American Elephants


Misconceptions About Wind: Basic Arithmetic by The Elephant's Child

Here’s the headline from an article in the Spectator, dated May 13: “Wind turbines are neither clean nor green and they provide zero global energy” with the subhead “We urgently need to stop the ecological posturing and invest in gas and nuclear.” The post is from Matt Ridley.

The Global Wind Energy Council recently released its latest report, excitedly boasting that ‘the proliferation of wind energy into the global power market continues at a furious pace, after it was revealed that more than 54 gigawatts of clean renewable wind power was installed across the global market last year’.

You may have got the impression from announcements like that, and from the obligatory pictures of wind turbines in any BBC story or airport advert about energy, that wind power is making a big contribution to world energy today. You would be wrong. Its contribution is still, after decades — nay centuries — of development, trivial to the point of irrelevance.

Here’s a quiz; no conferring. To the nearest whole number, what percentage of the world’s energy consumption was supplied by wind power in 2014, the last year for which there are reliable figures? Was it 20 per cent, 10 per cent or 5 per cent? None of the above: it was 0 per cent. That is to say, to the nearest whole number, there is still no wind power on Earth.

Basic math. World energy demand has been growing about two percent a year for nearly 40 years. Between 2012 and 2014 it grew, according to International Energy agency data, just under 2,000 terawatt-hours. If all that had to be supplied by wind turbines—just that and no more—how many new turbines would have to be built? Nearly 350,000. A two-megawatt turbine can produce about 0.005 terawatt-hours per annum. That’s 1½ times as many as have been built in the world since governments first started subsidizing them with taxpayer money.

Wind farms typically have a density of about 50 acres per megawatt, at that density, that many turbines would need a land area larger than the entire British Isles. In 50 years, if we kept this up, we would have covered a land area the size of Russia. But there’s more, hidden pollution, rare earths, the materials required, how turbines are made. Do read the whole article.  Matt Ridley is always worth our attention.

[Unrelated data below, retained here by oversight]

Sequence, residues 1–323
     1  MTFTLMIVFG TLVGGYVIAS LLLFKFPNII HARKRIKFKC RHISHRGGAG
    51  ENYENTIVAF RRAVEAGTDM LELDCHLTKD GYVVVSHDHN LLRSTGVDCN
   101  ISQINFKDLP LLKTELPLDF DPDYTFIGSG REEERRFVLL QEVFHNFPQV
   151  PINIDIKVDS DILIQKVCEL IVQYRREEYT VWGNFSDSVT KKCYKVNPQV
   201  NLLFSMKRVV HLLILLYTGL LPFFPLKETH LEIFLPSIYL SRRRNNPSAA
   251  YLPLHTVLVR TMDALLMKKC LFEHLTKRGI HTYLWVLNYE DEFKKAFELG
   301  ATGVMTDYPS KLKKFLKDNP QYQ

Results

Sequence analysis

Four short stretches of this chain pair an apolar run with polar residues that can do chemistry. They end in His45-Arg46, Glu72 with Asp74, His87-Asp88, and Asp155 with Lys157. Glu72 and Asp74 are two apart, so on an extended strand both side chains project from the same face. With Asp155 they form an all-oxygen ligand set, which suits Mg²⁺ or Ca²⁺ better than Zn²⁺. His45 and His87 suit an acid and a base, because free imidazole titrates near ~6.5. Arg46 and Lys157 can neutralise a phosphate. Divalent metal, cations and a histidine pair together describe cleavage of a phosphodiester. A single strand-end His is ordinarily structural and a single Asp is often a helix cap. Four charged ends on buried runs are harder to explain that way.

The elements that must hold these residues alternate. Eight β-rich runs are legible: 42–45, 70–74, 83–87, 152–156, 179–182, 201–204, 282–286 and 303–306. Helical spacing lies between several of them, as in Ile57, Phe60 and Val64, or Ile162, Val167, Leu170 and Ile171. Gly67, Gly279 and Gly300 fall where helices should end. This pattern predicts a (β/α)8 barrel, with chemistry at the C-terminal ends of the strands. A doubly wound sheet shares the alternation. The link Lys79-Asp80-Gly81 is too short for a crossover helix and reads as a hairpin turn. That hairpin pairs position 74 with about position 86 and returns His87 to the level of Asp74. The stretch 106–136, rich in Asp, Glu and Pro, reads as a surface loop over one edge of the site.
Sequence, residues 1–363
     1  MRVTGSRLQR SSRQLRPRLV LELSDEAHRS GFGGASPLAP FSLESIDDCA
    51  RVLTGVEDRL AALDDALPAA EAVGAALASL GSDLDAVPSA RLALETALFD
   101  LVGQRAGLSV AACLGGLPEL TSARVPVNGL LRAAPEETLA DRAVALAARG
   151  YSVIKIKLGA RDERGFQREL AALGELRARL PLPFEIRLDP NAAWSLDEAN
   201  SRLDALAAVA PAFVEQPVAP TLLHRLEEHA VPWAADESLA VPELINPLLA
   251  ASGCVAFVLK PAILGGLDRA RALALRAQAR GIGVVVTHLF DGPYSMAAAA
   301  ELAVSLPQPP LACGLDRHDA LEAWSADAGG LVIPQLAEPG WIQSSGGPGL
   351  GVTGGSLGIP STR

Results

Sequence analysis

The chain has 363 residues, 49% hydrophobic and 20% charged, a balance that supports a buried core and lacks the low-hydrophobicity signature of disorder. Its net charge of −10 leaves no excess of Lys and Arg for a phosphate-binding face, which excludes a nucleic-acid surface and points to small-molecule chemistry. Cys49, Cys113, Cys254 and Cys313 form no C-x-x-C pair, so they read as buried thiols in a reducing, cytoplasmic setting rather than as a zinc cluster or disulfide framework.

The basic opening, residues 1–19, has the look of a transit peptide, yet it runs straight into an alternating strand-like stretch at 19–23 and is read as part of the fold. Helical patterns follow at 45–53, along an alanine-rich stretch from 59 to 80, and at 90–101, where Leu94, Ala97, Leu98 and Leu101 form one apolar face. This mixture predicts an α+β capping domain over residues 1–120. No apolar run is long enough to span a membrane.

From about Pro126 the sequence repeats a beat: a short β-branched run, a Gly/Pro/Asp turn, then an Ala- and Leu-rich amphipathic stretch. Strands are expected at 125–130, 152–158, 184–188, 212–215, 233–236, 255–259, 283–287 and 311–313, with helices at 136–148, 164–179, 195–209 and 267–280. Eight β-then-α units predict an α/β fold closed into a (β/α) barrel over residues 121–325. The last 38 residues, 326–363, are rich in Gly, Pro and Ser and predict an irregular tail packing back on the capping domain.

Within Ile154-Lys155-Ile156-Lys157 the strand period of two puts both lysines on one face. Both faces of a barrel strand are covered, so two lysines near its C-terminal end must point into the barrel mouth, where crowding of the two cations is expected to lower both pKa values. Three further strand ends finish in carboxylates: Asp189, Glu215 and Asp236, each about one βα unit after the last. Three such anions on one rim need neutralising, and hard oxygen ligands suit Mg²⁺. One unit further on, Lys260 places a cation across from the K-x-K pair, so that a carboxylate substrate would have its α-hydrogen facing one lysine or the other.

It just turns out to be that wind and solar are essentially very costly and extremely useless pursuits. Aside from the intermittency problem, the arithmetic just doesn’t work. Lot of people  have made some big money on the subsidies though.

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Germany’s Solar Industry has Collapsed by The Elephant's Child

Germany’s last surviving manufacturer of solar equipment, Bonn-based Solarworld has officially declared it will file for insolvency after six years of red ink.

Thousands of workers who banked their futures on solar jobs now face uncertain futures. Solarworld’s demise is the last in a spectacular series of solar manufacturer bankruptcies that swept across Germany over the past years, with names like Solon, Solar Millenium and Q-Cells going under.

According to Finanzen.net here, Solarworld had over 3000 employees on the payroll at the end of 2016.

In the early 2000s leaders and green energy proponents promised to turn parts of former communist East Germany into a “Solar Valley” that would boast secure, high paying hightech jobs. Today it’s a solar rustbelt with a ruined landscape of shattered visions and dreams. Spiegel calls it a “valley of tears”.

The problem is Chinese manufacturing, they manufacture solar equipment so cheaply that others cannot compete. And solar energy just does not produce enough energy to make such investment make sense. Political hype, corruption, myths and moonbeams. Germany still believes, and is anxious to reduce carbon as the Paris Agreement demands. Won’t do any good. Theclimate is controlled by the action of the sun, not CO2.

Some villages, such as the one shown at the top, have gone off grid. I don’t know how that is working out, nor how they cope with winter.



Good News! We Have Lots More Forest Than We Thought by The Elephant's Child

A new survey using high-definition satellite images has found 378 million additional hectares of forest around the globe—it’s as if all of Earth’s forests just grew by 9%.

(The hectare is an SI accepted metric system unit of area equal to 100 ares (10,000 m²) and primarily used in the measurement of land. An acre is about 0.4047 hectare and one hectare contains about 2.47 acres. I don’t do metric, and assume that some of you don’t either. You can also think of it as an area of forest equal to sixty percent of the size of Australia, if that helps)
“The forests have been identified in drylands in the Sahara desert, around the Mediterranean, southern Africa, central India, coastal Australia, western South America, north-east Brazil, northern Columbia and Venezuela and northern parts of Canada and Russia.”
*The image is of coastal Australia.



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